The site also describes two other publications with “readers” for K-2 students that describe the work of scientists, and the Investi-gator for upper elementary.

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Misconceptions about the “doing” of science

Many teachers feel they are “doing” science when they teach what is in textbooks, laboratory manuals, and their lectures.  Such a focus on science teaching has existed for decades.  Teachers, school administrators, students, as well as parents, have generally accepted it as “doing” science.  But, expecting students to remember and recite what they have read or been told is not “doing” science.

There are specific examples commonly used to indicate such “doing” of science.  Strangely, however, they all have NOTHING to do with science itself.   Examples used to indicate this teaching include:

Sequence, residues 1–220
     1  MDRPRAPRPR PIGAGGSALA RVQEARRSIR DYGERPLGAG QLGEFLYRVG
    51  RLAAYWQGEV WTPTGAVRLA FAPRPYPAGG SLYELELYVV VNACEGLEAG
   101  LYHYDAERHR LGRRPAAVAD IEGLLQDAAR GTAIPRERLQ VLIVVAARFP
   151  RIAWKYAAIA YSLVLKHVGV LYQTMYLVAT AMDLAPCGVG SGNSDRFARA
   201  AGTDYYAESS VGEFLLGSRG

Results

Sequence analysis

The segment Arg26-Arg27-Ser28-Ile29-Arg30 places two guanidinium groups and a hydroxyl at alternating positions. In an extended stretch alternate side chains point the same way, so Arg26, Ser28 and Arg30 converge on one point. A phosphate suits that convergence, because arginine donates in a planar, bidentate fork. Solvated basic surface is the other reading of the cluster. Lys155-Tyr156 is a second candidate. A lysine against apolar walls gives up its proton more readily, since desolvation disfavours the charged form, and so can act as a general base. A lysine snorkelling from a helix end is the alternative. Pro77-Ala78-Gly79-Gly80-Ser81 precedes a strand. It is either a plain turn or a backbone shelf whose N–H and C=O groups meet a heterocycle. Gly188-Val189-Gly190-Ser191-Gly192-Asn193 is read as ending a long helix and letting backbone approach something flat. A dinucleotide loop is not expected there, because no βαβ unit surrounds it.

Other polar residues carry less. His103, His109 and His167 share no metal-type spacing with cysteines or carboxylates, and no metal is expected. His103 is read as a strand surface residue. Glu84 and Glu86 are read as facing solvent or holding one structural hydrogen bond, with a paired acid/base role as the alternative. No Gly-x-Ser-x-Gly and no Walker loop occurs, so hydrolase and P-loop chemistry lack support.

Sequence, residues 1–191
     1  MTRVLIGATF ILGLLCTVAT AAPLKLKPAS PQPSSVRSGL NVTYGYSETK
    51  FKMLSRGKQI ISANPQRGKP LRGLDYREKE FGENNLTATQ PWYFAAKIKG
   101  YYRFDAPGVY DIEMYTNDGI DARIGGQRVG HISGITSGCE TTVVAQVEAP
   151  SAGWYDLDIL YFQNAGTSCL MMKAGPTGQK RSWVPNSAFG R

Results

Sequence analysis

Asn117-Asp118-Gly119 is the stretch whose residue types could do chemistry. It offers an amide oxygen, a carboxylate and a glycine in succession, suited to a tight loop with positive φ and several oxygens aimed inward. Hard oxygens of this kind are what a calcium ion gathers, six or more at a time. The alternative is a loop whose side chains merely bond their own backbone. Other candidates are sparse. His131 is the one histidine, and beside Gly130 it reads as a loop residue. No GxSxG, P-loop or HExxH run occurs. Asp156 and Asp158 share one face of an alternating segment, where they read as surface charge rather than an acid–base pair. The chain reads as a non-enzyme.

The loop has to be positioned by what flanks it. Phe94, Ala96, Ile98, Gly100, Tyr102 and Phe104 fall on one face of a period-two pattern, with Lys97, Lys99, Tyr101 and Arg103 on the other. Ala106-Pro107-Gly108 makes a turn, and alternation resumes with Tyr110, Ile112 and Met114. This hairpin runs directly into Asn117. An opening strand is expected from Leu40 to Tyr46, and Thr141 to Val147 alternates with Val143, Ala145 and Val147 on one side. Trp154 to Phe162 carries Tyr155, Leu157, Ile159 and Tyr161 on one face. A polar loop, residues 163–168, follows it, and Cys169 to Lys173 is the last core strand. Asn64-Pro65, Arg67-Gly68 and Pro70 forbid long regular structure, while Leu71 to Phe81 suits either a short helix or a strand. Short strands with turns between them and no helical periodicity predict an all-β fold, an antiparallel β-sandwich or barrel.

• Treating all students alike and not as individuals.
  • Focusing only on information included in textbooks, laboratory manuals, teacher lectures, or other assigned reading materials.
  • Using chalkboards to indicate what students need to remember.
  • Asking students to repeat what they have been assigned to study.
  • Focusing too much on “grading” and “testing” regarding concepts.
  • Strictly maintaining teacher authority in the classroom.
  • Encouraging competition among students to indicate their level of learning.
  • Closely following lesson plans with little or no input from students.
  • Repeating information included in books called “science.”